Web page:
Pop­ping corks for a good cause

Fair­way re­cy­cling pro­gram ben­e­fits na­ture cen­ter

The News-Times - - BUSINESS - By Paul Schott pschott@scni.com; 203-964-2236; Twit­ter: @paulschott

Af­ter the wine bot­tles pop, their tops are still valu­able com­modi­ties.

Fair­way Wines & Spir­its launched two weeks ago an ini­tia­tive to re­cy­cle bot­tle corks, which en­close most of the vin­tages sold at its Stam­ford es­tab­lish­ment and other tri-state lo­ca­tions. The pro­gram aims to ed­u­cate cus­tomers about wine con­sump­tion, while also sup­port­ing a Darien non­profit and eco­nomic and eco­log­i­cal sus­tain­abil­ity on the other side of the At­lantic Ocean.

“We’re ed­u­cat­ing our con­sumers on the wine side, and we’re do­ing good for the environment,” An­gelo Martelli, Fair­way’s di­rec­tor of wines, said in an in­ter­view this week at the Stam­ford store, at 689 Canal St., in the city’s South End. “We want to be at the fore­front in ed­u­ca­tion in the wine in­dus­try, and we also want our con­sumers to have a great ex­pe­ri­ence and un­der­stand why it is we’re do­ing these types of events.”

In the Stam­ford out­let, do­na­tion boxes for the corks are sta­tioned at each reg­is­ter and next to the front en­trance. Ac­com­pa­ny­ing posters and hand­outs out­line cork’s en­vi­ron­men­tal ben­e­fits. Al­ready sev­eral hun­dred stop­pers have been dropped off, ac­cord­ing to Martelli.

The ap­prox­i­mately 3,500 wines sold in the 7,500square-foot Stam­ford store cre­ate a vo­lu­mi­nous sup­ply. At least 85 per­cent of them use cork ex­ported from Por­tu­gal, Martelli es­ti­mates.

“Cork is 100 per­cent nat­u­ral; there’s noth­ing syn­thetic in it,” Martelli said. “It breathes nat­u­rally, and it’s very im­por­tant for wine be­cause wine is an evolv­ing food. It’s evolv­ing in the bot­tle and just to let a lit­tle bit of air in and out, that’s what nat­u­ral cork does.”

A num­ber of Fair­way clients also are en­thu­si­as­tic about the ini­tia­tive.

“I think a lot of peo­ple aren’t aware that cork can be re­cy­cled, so hav­ing some­thing in a store with a large foot­print helps to spread aware­ness,” said Anna Lisa Stock­well, a wine and spir­its con­sul­tant with Opici Fam­ily Dis­tribut­ing.

Re­new­able and re­us­able re­source

The Stam­ford store’s do­nated corks will be sent to the Darien Na­ture Cen­ter.

For sev­eral years, the non­profit has been col­lect­ing bot­tle corks, for which it re­ceives small re­im­burse­ments from re­sellers. The ma­te­rial can be re­pur­posed for uses in­clud­ing boards and coast­ers, cloth­ing, floor­ing and in­su­la­tion, and shoes.

The Na­ture Cen­ter ex­pects to earn about $300 this year for a haul of about 30,000 cork pieces. Those pro­ceeds will help de­fray ex­pen­di­tures for an or­ga­ni­za­tion that takes care of about 40 an­i­mals.

“Peo­ple are start­ing to get into the habit of tak­ing cork to liquor stores,” said Leila Wet­more, the Darien Na­ture Cen­ter’s ex­ec­u­tive di­rec­tor. “What we want to do is say ‘Not only are you re­cy­cling cork, you are also help­ing the Darien Na­ture Cen­ter at the same time.’”

The Por­tuguese Cork As­so­ci­a­tion is also sup­port­ing the ini­tia­tive. Por­tu­gal is the world’s top cork pro­ducer and ac­counts for the largest share of global cork oak acreage, 34 per­cent, ac­cord­ing to a PCA re­port.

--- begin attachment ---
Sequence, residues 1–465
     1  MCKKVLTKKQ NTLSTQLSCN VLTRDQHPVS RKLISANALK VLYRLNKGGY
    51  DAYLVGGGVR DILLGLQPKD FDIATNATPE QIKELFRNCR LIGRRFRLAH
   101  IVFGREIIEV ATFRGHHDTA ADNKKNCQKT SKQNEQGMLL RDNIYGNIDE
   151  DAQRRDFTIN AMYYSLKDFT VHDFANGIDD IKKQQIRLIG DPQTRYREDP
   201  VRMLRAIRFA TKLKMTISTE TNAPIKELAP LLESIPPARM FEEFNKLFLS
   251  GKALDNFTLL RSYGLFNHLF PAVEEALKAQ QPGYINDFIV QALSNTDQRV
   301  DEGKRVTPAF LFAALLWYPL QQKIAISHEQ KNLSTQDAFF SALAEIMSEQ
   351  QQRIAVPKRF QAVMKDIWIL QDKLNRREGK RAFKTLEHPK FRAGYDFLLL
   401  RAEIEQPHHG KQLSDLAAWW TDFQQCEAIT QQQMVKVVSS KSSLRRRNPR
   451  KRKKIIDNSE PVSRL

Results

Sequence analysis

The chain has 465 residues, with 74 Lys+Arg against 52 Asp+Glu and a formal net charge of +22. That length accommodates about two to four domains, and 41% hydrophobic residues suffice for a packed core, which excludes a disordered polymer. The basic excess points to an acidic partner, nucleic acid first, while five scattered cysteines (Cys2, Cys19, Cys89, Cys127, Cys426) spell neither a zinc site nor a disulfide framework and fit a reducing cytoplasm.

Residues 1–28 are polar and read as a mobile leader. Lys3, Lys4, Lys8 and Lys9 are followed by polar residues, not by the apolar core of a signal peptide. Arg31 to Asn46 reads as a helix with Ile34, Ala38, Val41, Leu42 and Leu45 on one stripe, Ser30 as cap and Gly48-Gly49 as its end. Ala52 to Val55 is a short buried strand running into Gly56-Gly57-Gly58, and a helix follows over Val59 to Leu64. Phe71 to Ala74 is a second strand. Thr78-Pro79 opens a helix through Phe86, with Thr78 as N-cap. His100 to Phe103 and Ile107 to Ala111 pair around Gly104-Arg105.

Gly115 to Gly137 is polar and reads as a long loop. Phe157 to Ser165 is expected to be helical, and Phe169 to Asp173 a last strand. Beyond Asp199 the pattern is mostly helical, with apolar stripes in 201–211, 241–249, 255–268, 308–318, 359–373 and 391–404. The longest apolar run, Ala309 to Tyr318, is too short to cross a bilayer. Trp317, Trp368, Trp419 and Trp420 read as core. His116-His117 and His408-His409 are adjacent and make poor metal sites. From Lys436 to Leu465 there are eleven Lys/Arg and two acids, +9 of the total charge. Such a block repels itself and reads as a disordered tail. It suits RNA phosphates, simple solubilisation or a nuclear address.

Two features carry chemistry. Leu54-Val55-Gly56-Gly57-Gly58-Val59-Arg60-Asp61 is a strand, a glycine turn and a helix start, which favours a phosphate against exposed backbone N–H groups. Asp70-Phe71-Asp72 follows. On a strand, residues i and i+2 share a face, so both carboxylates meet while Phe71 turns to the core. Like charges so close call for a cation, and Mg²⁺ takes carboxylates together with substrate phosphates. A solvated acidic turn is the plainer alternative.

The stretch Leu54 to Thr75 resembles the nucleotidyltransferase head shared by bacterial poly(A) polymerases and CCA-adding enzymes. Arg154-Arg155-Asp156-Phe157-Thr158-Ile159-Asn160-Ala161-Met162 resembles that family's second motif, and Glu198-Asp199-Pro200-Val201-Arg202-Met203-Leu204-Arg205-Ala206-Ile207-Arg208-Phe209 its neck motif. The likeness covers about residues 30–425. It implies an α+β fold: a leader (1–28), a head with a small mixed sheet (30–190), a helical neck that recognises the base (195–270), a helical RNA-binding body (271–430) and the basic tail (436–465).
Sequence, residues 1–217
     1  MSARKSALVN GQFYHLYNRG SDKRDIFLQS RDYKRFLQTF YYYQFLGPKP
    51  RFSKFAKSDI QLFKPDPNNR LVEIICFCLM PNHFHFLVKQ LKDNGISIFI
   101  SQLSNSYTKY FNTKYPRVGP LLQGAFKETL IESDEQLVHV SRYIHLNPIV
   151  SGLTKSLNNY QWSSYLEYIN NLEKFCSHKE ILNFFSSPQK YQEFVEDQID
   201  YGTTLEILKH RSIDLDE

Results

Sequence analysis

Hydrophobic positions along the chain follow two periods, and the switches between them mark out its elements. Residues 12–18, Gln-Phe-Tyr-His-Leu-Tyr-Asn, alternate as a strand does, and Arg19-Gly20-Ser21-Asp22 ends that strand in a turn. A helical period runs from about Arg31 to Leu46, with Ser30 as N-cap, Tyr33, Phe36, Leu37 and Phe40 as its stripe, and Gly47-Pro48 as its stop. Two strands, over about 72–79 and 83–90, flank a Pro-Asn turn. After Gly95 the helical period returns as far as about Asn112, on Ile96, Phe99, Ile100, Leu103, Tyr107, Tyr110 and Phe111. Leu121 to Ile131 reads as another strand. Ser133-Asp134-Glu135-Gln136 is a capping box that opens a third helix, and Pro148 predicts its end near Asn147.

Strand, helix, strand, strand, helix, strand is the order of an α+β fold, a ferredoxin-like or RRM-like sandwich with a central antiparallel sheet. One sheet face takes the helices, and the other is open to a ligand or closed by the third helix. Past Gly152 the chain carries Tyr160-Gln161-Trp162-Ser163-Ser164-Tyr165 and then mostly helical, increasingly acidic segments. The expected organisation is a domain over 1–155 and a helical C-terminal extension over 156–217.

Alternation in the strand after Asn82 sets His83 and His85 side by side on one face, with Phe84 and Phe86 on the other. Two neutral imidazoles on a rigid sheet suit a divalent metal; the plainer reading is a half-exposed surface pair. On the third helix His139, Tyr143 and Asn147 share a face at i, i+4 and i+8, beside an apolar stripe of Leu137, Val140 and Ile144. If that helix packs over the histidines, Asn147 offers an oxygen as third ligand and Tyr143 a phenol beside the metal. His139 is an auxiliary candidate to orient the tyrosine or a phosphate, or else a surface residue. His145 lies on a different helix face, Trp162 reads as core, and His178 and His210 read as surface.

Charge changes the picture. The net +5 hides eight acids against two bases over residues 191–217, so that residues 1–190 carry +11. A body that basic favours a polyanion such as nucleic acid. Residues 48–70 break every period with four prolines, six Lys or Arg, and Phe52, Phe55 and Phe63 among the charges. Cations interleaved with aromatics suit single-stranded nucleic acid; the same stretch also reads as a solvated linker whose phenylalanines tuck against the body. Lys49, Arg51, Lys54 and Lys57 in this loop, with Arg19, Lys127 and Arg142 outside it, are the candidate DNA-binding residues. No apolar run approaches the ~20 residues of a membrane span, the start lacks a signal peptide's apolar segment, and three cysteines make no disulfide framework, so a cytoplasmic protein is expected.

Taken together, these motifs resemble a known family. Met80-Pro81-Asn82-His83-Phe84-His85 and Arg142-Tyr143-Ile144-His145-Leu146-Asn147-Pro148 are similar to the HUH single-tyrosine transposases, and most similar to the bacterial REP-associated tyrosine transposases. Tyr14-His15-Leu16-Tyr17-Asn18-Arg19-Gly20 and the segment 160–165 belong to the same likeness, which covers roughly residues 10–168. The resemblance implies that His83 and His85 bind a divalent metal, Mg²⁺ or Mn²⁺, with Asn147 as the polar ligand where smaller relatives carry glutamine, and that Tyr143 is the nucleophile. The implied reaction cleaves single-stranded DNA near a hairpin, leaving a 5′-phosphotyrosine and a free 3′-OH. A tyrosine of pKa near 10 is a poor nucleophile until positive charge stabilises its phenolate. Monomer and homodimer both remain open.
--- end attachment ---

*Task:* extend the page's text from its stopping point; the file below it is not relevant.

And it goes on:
Por­tuguese cork oak forests are a “sink” that re­move about

4.8 mil­lion tons of car­bon diox­ide from the air, equal­ing an off­set of about 113 grams per cork piece, ac­cord­ing to the Forestville, Calif.-based Cork Qual­ity Coun­cil.

Amer­ica rep­re­sents the largest mar­ket for Por­tuguese cork, with state­side ex­ports in

2015 to­tal­ing about $200 mil­lion, the PCA study said. In the past few years, an aver­age of about 20 per­cent of the coun­try’s cork has been sent to the U.S.

“We un­der­stand the im­por­tance of cork in Por­tu­gal, and ev­ery­body ben­e­fits from us be­ing the stew­ards of this great sus­tain­abil­ity story,” said Car­los De Je­sus, the Por­tuguese Cork As­so­ci­a­tion’s di­rec­tor of com­mu­ni­ca­tions. “But we don’t think that knowl­edge can stay just in Por­tu­gal. It needs to be spread out as much as pos­si­ble, and the U.S. is a cru­cial mar­ket.”

Rather than be­ing cut down, cork oak trees’ bark is sheared like a sheep’s wool. The bark grows back and can be har­vested ev­ery nine years, with the trees ca­pa­ble of liv­ing more than 200 years.

Mediterranean cork forests are rich in their bio­di­ver­sity, home to an­i­mals in­clud­ing the en­dan­gered Ibe­rian lynx, Ibe­rian im­pe­rial ea­gle, the Bar­bary deer and a num­ber of species of rare birds.

But in­creas­ing use of other types of wine stop­pers could re­duce the value of cork forests, re­sult­ing in their con­ver­sion for other uses or even aban­don­ment, the World Wide Fund for Na­ture cau­tions on its web­site.

Martelli said he is well aware of the global im­pact of Amer­i­can wine con­nois­seurs’ con­sump­tion. He vis­ited a cork for­est dur­ing a busi­ness trip last April to Por­tu­gal.

Fair­way’s re­cy­cling ini­tia­tive was orig­i­nally in­tended to run un­til Amer­ica Re­cy­cles Day, on Nov. 15, but Martelli plans to ex­tend it to at least the end of the year and then eval­u­ate its sta­tus.

“It doesn’t take up much space, and we’re still sell­ing the wine,” Martelli said. “And it’s good ed­u­ca­tion for the con­sumer.”

Michael Cummo / Hearst Con­necti­cut Me­dia

Fair­way Mar­ket has a new cork re­cy­cling ini­tia­tive and has bins to col­lect used corks as well as in­for­ma­tional signs posted through­out its wine and spir­its store at 699 Canal St. in Stam­ford.

An­gelo Martelli, di­rec­tor of wines at Fair­way Mar­ket, dis­cusses the su­per­mar­ket's new cork re­cy­cling ini­tia­tive.

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